As expected, the recent hearings of the Judicial Service Commission again cast the spotlight on the criteria for judicial appointment.
In particular, demography was raised by prominent members of the commission as the crucial consideration, the present composition of the judiciary being skewed in favour of minority groups. To put it bluntly: despite the majority of judges being black, there are far too many white judges.
Chief Justice Mogoeng Mogoeng was reported as saying that even though there were too few women judges, an equal if not greater concern was the failure to have a judiciary that, in the words of section 174(2) of the Constitution, was broadly reflective of South Africa's racial composition.
There should be no doubting the importance of this constitutional requirement, even if the word "broadly" means the process is not to be equated with racial bean-counting. But what about jurisprudential transformation of the Bench? This moves the appointment inquiry into more nuanced territory and, arguably, for this reason it hardly received a mention at the recent hearings.
The importance of this component is highlighted in a recent decision of the Supreme Court of Appeal in a case involving the BoE Trust, which was appointed as trustee of a testamentary trust set up by a Mrs De Villiers in honour of her late husband. The trust's objective was to grant bursaries to white students with an MSc in organic chemistry who wished to pursue doctorate studies in the field. The universities that would have received the money for deserving applicants refused it because of this racially exclusive arrangement.
The will provided for an alternative: if it proved impossible to implement the bursary scheme, the money had to be paid to designated charities. The trustees decided, however, to approach the court for an order deleting "white" from the applicable clause, which would have allowed them to implement the bursary.
Fundamental constitutional values
Having been unsuccessful in the high court, the trustees appealed to the Supreme Court of Appeal, which framed the inquiry as whether it could interpret the will so that it did not offend public policy. It followed that the court had to ask whether conditions contained in a will could be struck down if they contravened fundamental constitutional values. This, in turn, required careful consideration of the relationship between freedom of testation (the power of a testator to deal with her property as he or she desires) and constitutional values counter to the wishes of the testator.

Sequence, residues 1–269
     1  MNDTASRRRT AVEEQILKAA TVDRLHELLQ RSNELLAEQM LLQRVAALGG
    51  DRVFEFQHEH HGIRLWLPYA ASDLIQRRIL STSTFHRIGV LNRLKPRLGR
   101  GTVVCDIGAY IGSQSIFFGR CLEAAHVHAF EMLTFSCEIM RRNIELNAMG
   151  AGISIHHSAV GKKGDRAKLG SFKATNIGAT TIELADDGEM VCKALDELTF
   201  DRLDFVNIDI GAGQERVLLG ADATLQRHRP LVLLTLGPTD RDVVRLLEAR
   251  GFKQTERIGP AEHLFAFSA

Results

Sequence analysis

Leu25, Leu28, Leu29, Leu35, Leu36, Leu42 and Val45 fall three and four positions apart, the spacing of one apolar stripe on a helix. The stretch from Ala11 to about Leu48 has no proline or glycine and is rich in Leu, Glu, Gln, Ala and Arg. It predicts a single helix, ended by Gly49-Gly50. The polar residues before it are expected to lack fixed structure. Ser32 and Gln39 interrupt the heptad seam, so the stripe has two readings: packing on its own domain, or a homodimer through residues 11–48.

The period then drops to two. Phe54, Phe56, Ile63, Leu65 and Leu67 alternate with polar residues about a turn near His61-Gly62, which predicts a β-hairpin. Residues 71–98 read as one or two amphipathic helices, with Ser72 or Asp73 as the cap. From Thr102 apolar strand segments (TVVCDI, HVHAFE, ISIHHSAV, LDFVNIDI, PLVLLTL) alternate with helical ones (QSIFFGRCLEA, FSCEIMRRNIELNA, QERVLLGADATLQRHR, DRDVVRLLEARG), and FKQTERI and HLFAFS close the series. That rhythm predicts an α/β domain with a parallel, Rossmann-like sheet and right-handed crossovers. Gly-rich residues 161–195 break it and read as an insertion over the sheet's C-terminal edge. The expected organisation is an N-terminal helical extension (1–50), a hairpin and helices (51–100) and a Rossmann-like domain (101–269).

Sadly, the judgment totally failed this challenge. In a perfunctory few pages, the court invoked the right to property enshrined in section 25 of the Constitution to hold that, if the court interfered with Mrs De Villiers's exercise of her freedom of testation, it would infringe on her right to property. Warming to this theme, the court, without any attempt to weigh the competing considerations, held that to delete the word "white" would be a failure to recognise freedom of testation, which, in turn, would "fly in the face of the founding constitutional value of human dignity".
The trustees had invoked an earlier appeal court decision that struck down a testamentary trust establishing a university-administered bursary programme that restricted potential bursars along racial lines. Wisely, the court held that this provision was discriminatory and in conflict with public policy, because it transgressed the equality provision of the Constitution.
Somehow, the court in the BoE case distinguished this case on the basis that, in BoE, the testator had provided for alternative bequests if the bursary provision could not be implemented. The problem with this move is that a provision establishing bursaries for whites only is either contrary to public policy or it is not. A provision for an alternative use of the testamentary funds should make no difference if public policy in the constitutional era rejects a whites-only bursary given to public institutions like universities.
The case raises a legitimate and important debate about the scope for private choice and, in particular, whether that freedom extends to financial provisioning in the public domain. In other words, there may be a difference between bequests to individuals chosen by a testator on whatever terms the testator so decides and bequests with public consequences, as would be the case with scholarships to universities. But none of this was even discussed by the appeal court, nor was the key question of the effect of the Constitution on private power. Instead, racial bequests now appear to be sanctioned in an almost uncritical manner.
The judgment in this case reveals the importance of a Bench that is both sensitive to difficult questions in which race is relevant and the more general challenges posed by our Constitution for the transformation of our society. That the commission so seldom raises these issues with candidates for judicial office is a great cause for concern, particularly if our jurisprudence is to move beyond the myopia exhibited in this case.